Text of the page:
Birthdays, bourbon, and beach blankets - bingo!

Jun. 29, 2013 @ 09:37 AM

So today is the day we go to the beach! Big deal, you say. So what, you ask. Everybody goes to the beach around here, snore.

Well, the difference here is that, for my mother’s 85th birthday, she and Dad have rented a house on the Outer Banks which will hold the entire family. Not that the entire family can come: Kate’s working in Africa, and Jack and Aaron are working in San Francisco. That leaves only 30 of us! 
No, I’m not kidding. Our immediate family is 33 strong ... or weak, depending on your outlook ... and we range from Grandpa James, who is 86, down to baby James, who was born in March. And, we are all going to the beach together -- for a week. It’s like when the British were coming: Seagulls are taking cover, stores are stocking up, restaurants are hiring extra help, and other vacationers are making hasty plans to change plans ... even the sharks are fleeing. 
Most are coming from Ohio: Mom and Dad will be flying down with John, Liz, Luke and Will; Karen, Susan, Gregg, Joey, Michael, Maggie, Caroline, Ian and James will be driving. Jimmy, Alisa and Mac will be flying up from Florida.  Katherine and Kristen (our twinnies!) are flying in from Denver. Louise, Chuck, Charlie, Georgie, Gracie, Robby, Lindsey, Becky, Ryan and I will be driving over from Charlotte, Chapel Hill, Raleigh and Wilmington. Is that 30?
Since there are five “children” in my generation, we’re dividing the five weekday dinners among our families, and I chose tomorrow. Why? Because, a) I’ll get it over with; and b) not everyone will be there yet. I may only have to cook for 25 – woo-hoo!
So, I’m doing my famous fresh peel’n’eat shrimp, baked potatoes and Caesar salad.  Cheap-ish, easy and makes a good impression. I assigned dessert to my daughter, who has angst-ed for three months over whether to do her spectacular caramel/bourbon cupcakes or maybe some apple pies. Please, is that even a choice? FYI: In a house with 30 family members, I would imagine bourbon will be somewhere in every bedroom.
I gave appetizers to my son, Rob, which could be risky. Robby can do wonders with food when he’s in the mood, and he makes a fresh pina colada that will curl your toes.  But, whatever he does, the kitchen eventually resembles the aftermath of a Category 4 hurricane, and he’s not one for cleaning up, especially after several of those pina coladas. I told him the kitchen will be crowded, so who knows what we’ll get -- maybe fresh, homemade crab cakes; maybe a bag of Doritos and a can of peaches.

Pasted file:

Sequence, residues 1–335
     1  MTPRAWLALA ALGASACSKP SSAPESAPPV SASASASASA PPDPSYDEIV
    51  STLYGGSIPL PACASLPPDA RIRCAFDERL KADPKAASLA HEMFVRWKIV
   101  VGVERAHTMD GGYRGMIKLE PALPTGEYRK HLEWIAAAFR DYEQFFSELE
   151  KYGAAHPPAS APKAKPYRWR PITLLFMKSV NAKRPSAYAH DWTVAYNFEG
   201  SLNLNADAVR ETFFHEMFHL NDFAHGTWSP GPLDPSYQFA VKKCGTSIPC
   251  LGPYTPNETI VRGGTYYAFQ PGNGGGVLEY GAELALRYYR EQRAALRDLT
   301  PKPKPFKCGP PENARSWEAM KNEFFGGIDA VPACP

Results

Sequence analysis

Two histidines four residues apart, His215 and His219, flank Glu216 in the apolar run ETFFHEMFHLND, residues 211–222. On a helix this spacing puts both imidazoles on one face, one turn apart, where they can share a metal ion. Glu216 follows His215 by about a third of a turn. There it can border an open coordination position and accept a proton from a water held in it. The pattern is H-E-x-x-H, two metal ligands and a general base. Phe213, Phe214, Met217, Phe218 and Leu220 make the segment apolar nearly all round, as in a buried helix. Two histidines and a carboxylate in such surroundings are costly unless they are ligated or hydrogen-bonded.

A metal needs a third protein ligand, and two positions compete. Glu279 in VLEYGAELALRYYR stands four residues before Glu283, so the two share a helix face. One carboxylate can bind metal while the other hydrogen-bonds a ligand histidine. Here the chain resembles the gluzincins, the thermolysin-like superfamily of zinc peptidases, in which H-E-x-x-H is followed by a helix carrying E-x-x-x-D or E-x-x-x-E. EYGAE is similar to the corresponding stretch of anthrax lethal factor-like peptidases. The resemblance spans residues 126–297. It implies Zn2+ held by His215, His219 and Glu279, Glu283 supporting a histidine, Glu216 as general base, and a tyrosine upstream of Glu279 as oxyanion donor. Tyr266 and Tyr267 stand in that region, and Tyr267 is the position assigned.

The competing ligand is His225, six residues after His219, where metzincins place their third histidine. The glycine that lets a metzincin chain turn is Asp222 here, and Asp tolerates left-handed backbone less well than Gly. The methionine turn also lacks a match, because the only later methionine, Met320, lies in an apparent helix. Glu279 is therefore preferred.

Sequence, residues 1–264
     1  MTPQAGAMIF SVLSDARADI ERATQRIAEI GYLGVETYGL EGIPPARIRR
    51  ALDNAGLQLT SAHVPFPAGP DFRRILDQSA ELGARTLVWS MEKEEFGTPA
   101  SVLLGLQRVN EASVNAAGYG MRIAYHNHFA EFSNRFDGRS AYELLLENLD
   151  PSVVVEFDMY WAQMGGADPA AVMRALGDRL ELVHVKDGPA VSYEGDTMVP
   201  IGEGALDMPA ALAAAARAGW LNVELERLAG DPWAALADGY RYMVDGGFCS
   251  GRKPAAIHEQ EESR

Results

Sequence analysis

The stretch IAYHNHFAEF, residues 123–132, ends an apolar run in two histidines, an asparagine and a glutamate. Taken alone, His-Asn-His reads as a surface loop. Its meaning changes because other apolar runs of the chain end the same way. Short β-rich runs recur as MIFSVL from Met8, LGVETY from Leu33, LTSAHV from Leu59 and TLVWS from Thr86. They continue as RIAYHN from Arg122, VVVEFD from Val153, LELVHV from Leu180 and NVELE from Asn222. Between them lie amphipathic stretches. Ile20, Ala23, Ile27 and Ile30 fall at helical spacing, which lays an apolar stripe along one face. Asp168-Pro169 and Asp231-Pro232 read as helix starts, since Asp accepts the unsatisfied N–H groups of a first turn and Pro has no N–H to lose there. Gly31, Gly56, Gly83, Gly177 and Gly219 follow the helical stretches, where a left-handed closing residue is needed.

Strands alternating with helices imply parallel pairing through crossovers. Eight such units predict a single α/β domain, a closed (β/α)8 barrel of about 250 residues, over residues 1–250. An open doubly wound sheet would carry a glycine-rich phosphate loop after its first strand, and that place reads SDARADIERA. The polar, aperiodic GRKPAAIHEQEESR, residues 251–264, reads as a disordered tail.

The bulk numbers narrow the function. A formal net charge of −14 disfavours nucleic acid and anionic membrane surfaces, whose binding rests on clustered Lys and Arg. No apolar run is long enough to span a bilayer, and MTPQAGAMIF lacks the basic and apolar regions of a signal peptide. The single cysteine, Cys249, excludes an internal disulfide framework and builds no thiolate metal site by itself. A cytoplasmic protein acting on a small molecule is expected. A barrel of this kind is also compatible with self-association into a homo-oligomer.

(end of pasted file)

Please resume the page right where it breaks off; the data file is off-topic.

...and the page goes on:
The house we’re renting has just been completed. In fact, we’ll be the first ones in it, which is somewhat worrisome, if you think about it. OK, sure, we only have five actual children in the group, and they’ll mostly be on the beach, assuming it doesn’t rain, please God, and they’ll be closely supervised by anxious parents/lifeguards, so how much harm could they do, really? I’m thinking not too much. 
On the other hand, what if the workmen got to hurrying this past week and did a rush job on stuff, and say I’m showering and the shower door gets stuck and I can’t get out? Stuff like that happens in new rush-job houses all the time, you know. And, there is NO ONE on this earth that I would allow to come in and break me out of the shower. I’d rather just live in there.
Or, say the steps aren’t nailed down really well, and someone, probably me, starts down from the third to the first floor, and the step wiggles and I fall two stories and break everything I own and have to spend the week in a body cast. Don’t laugh. I am totally not kidding. I’ve done crutches on the sand, my friend. These are the things that happen in my life -- why do you think I write humor? If I don’t put my life on paper, someone else will.
On top of that, the “kids” (who are our children and all grown and not in any way “kids” any more) want to rent jet skis and go hang-gliding, which opens a whole other door to possible catastrophe, and could mean that I spend the entire trip schlepping from the local hospital to the local church, because let me just say, I am not the only one in my family who exhibits an astonishing klutziness. No, I come from a long line of stumblebums, and that line continues, most likely even in little James, who will no doubt spit a pacifier at a passing seagull and be ferociously pecked.
If I live, I’ll let you know how it went!  Say a prayer.

Vicki Wentz is a local writer, teacher and speaker. Readers may contact her at, or visit her website,